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Camp near the battlefield six miles South of Culpepper.
Aug. 10th 1862.
Dear Old Friend Harry
I have poor facilities for writing , but must do the best I can. You will therefore excuse this roughly gotten up thing. I was ever so glad to hear from you and read your interesting letter , moreover that you were successful in getting the same old school to teach again. I hope your reputation in this profession is now established. I want you to keep me posted in school affairs, for although I am now a military man, I still take great interest in educational subjects. I suppose you've heard of our battle. Our brigade however was not engaged, still we performed some exploits of which I must tell you. Banks whole corps [unclear: ] fought them all Saturday afternoon, and were relieved by McDowells corps in the evening after the infantry fighting was over the rebels as usual poured in upon Banks in overpowering numbers, and why our ( McDowell's ) corps was not ordered up in time I cannot tell. The rebels were retreating however when Banks men were ordered to halt because he had not men enough to follow up what other wise would have proved a glorious victory. The papers will give you the particulars better than I can state them here. When we neared the battlefield late in the evening we met lots of our own wounded returning to Culpepper, where, our Chaplain told us the citizens treated them very kindly, the women assisting in dressing their wounds. We had been listening to the roar of artillery and could see the smoke of the battle all P.M. of Saturday, from our camp 1 mile south of [ the battle] [ Culpepper] , and when we saw the wounded, we felt like taking revenge. When we came within a mile and a half of the battle ground, our brigade was halted; our regiment received its mail here, and we fell to reading letters by candlelight ; this drew the fire of a rebel battery, and some half dozen solid shot fell right in among us, wounding four men of our regiment. One ball fell about three yards from where I stood, we stood this like heroes for a short time, then we were ordered back a short distance, but advanced again til we came within 300 yards of the same battery which was firing upon us, and which with several others, had opened out again with the purpose of ascertaining our position as well as of the rest of the large number of McDowell's corps which had silently advance under cover of the dark, but they fired far above our heads, and we lay listening to the loud and crashing roar of the dogs of war in perfect safety. present- ly the battery belonging to our ( Duryee's ) brigade let loose upon the one which fired into the 107th and silenced it. This de[ railed] their whole programme, and we could hear them falling back although in good order. Next morning we found two dismounted guns, 9 dead horses, and two Lieuts. killed, one having his head shot off. If we had not did this, they would have continued to kill us, while their infantry would have advanced, and perhaps have proved too strong for us then, as our main force only came in the next day. We have been watching the enemy ever since, yesterday they commenced retreating on account of Burnside getting in their rear, The reason we have not advanced upon them since our whole army is here is because they occupied a strong position on a high knoll. Abe got a letter from Pap which says 9 men from Corrstown , including Bro. Harry have enlisted in Reeds Co. Chambersburg. Bully for them. Its uncommonly warm here now. Soldiers live on secesh roasting [unclear: cans] . Cant get my picture taken now, No artist here.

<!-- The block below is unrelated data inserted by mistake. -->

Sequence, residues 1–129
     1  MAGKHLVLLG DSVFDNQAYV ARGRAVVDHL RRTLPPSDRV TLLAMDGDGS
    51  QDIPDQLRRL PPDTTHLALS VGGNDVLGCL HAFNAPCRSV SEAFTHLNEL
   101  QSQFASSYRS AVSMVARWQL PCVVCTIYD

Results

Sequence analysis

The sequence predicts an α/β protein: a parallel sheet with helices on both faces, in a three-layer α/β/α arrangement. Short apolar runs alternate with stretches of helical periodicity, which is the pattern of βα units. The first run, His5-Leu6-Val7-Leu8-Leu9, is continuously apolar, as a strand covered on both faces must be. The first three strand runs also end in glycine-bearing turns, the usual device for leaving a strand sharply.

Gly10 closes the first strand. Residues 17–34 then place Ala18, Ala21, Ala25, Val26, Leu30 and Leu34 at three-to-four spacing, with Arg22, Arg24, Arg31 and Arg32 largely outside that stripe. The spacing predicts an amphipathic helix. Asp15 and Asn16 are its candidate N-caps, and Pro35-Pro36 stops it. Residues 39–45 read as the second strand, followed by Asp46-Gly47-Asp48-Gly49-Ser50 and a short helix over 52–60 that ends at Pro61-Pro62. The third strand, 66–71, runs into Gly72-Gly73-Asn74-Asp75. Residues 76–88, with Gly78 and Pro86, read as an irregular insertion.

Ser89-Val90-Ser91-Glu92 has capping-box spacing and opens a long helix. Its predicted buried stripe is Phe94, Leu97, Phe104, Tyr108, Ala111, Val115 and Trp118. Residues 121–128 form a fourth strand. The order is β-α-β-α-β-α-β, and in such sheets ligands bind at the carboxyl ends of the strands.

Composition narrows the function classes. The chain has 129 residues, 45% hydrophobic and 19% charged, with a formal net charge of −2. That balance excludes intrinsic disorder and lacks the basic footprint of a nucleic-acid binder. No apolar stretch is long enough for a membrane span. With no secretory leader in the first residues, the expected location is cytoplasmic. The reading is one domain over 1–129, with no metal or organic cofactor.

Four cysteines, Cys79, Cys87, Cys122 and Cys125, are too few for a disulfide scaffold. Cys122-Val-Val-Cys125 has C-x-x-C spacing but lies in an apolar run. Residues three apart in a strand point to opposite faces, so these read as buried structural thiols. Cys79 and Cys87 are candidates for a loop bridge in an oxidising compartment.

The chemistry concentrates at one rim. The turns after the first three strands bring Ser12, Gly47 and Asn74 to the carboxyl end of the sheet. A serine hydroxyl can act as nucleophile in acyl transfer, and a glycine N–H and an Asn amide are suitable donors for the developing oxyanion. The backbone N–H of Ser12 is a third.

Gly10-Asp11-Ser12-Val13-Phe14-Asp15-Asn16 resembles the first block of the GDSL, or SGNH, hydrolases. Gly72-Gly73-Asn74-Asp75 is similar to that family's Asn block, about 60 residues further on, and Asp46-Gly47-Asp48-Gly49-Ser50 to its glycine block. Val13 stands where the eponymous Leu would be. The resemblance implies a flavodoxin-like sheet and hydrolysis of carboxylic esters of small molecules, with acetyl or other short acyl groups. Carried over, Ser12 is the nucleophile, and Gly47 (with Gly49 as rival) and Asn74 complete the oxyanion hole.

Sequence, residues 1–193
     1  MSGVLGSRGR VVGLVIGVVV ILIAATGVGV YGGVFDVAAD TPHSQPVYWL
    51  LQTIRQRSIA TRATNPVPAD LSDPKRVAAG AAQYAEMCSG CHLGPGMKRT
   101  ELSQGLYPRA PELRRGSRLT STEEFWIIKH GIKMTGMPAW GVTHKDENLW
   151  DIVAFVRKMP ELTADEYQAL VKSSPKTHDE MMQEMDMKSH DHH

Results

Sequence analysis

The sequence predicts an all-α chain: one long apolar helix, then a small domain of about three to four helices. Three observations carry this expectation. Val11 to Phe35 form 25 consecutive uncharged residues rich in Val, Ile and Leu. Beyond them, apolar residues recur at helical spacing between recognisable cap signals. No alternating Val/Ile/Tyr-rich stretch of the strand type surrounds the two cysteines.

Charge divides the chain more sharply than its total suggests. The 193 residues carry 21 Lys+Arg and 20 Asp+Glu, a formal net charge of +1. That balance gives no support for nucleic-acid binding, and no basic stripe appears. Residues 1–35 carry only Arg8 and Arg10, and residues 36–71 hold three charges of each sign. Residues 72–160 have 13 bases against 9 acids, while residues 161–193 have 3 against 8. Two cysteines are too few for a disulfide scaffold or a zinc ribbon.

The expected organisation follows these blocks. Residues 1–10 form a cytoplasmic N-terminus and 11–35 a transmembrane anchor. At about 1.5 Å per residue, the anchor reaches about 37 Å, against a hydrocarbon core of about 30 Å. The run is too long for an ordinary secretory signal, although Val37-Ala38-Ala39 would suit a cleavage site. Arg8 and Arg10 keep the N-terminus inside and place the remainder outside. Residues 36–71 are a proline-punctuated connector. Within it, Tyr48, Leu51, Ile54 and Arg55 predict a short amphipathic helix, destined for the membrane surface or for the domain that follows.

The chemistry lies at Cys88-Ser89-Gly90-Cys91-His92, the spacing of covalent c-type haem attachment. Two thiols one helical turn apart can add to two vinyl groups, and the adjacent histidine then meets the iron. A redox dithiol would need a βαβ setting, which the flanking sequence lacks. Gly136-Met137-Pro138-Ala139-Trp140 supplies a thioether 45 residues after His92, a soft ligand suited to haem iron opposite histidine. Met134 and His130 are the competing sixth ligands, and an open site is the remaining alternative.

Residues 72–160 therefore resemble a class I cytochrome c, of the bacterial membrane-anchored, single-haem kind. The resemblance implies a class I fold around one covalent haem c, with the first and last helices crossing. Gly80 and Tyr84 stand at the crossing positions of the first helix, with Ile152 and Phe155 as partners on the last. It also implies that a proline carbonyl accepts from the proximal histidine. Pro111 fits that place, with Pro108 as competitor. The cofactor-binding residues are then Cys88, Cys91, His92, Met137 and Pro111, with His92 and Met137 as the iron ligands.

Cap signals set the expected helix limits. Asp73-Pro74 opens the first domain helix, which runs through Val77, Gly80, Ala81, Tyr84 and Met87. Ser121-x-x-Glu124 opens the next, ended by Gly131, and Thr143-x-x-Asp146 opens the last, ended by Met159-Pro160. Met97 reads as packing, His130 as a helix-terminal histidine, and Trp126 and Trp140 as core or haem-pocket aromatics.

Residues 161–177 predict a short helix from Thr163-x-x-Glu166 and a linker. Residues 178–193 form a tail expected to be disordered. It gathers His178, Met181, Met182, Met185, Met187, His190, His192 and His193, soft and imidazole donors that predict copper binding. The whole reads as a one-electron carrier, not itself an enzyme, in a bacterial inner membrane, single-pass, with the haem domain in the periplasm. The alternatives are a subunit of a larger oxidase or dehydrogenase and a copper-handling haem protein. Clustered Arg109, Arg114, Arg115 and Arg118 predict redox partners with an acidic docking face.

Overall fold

Your friend,Wm. H. Kindig